Etiquette


    Reishiki - the external expression of respect

    In Iaido dojo you will practice with a wooden sword (Bokken), or a training sword (Iaito), or even a real Japanese sword with a cutting blade (Katana). There will be numerous people practicing, all in one room. Following the rules of etiquette ensures that no one gets injured. Also, following the rules of etiquette enhances practice in other ways. The teacher can more quickly determine skill levels when students line up in the order of rank. The ceremonial bowing serves as a concentration and focusing point; when bowing, practitioners shows respect for others. Maintaining observant silence allows students to focus their attention and practice reading body language. Cleaning the dojo after practice leaves it ready for the next group.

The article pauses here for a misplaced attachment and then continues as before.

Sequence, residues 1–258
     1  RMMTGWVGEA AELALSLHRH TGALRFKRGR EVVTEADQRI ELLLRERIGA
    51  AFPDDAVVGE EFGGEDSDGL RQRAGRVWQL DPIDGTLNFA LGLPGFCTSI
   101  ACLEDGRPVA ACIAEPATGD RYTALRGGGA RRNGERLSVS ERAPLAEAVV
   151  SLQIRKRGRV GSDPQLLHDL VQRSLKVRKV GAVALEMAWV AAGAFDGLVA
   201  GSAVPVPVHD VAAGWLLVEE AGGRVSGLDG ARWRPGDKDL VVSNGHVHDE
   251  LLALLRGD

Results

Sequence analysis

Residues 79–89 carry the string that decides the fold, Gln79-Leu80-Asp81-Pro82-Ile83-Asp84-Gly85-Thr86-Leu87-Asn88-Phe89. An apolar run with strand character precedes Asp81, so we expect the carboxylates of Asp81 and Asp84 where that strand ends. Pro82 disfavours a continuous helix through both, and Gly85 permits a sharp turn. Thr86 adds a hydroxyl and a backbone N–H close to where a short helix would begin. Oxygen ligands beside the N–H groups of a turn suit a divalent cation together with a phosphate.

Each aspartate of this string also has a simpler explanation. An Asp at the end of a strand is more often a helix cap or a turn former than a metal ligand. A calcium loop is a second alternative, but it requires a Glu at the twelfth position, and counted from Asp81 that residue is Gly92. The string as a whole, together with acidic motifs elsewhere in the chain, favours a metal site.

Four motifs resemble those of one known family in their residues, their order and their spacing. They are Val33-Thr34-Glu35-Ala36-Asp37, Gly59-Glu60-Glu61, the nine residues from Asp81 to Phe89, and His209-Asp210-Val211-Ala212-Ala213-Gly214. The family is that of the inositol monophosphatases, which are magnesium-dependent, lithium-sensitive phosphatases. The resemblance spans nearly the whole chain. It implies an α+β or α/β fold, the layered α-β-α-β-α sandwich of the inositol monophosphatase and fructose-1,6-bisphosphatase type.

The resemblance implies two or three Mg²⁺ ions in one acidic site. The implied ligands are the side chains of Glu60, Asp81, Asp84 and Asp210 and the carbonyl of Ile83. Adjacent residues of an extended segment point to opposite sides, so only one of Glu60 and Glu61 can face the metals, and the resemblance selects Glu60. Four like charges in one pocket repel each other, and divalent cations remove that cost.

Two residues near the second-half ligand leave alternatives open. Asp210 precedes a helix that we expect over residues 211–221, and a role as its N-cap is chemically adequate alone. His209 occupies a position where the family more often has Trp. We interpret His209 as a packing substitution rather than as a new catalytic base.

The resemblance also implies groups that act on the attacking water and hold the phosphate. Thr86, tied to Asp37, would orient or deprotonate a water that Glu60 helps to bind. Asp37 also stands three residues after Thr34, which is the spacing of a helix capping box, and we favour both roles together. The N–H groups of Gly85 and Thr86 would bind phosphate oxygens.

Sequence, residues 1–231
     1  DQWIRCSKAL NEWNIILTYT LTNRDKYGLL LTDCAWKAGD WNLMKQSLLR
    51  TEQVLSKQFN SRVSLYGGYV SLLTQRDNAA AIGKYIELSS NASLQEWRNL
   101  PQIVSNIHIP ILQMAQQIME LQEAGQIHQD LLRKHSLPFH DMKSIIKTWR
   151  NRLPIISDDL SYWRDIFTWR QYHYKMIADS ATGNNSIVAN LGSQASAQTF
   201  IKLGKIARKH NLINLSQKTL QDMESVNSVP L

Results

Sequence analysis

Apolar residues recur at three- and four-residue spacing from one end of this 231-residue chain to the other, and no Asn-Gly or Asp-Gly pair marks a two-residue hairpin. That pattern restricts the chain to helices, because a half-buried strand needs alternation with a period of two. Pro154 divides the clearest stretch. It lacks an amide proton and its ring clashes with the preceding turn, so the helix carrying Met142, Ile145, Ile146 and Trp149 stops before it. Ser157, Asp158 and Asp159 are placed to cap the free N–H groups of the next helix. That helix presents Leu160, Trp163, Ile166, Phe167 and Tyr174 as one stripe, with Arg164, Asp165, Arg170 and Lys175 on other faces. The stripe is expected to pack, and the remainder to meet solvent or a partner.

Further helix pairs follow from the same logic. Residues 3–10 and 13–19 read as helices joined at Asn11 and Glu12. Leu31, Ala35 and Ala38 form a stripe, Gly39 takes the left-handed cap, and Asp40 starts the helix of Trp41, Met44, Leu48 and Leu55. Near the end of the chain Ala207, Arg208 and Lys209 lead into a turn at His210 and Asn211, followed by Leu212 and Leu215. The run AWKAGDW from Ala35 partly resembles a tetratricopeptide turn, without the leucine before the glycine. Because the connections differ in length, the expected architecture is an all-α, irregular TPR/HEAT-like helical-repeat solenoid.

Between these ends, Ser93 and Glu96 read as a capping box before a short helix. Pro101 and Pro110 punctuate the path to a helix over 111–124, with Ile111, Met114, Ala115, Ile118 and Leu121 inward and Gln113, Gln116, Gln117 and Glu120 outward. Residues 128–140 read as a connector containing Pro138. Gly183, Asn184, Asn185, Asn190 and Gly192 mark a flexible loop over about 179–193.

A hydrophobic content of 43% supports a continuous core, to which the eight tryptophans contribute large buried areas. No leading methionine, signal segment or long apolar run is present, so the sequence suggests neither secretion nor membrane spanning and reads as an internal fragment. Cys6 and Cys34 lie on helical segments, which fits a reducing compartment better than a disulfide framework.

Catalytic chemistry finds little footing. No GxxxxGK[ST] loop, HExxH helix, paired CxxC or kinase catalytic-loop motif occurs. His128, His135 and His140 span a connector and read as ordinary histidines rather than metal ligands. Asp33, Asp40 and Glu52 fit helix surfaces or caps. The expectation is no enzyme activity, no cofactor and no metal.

• Be on time.
    • Do not make class wait.
    • Finger and toe nails must be cut short and all jewelry removed.
    • Remove shoes before entering.
    • A sword should be untied and held in the right hand.
    • Step directly in to the dojo.
    • Do not block doorway.
    • Stop and bow to Shinzen.
    • Avoid drawing or pointing a sword toward Shinzen.
    • Before practice, be sure your sword is in proper shape.
    • Check the Mekugi.
    • Place it at Shimoza (opposite side of room from shinzen) with the Ha to the wall.
    • Never touch a sword without the owner's permission.
    • Do not knock or step over any sword.
    • The floor must be cleared and swept.
    • Leave the Dojo ready for those who practice after you.
    • Eating, drinking, and smoking are not allowed on the Dojo floor.
    • When on the practice floor do not have private conversations other than iaido related subjects. 
    • Tell the teacher of any injuries or problems, or of having to leave early.
    • Do not leave without permission.
    • Do not speak when teacher is speaking.
    • Thank the teacher.
    • Show respect to other iaidoka (students)
    • Do not draw directly towards others.
    • Do not do anything that may distract or injure a fellow practitioner or spectator.
    Always remember, reishiki comes from the heart and without sincere respect it will be only an empty gestures.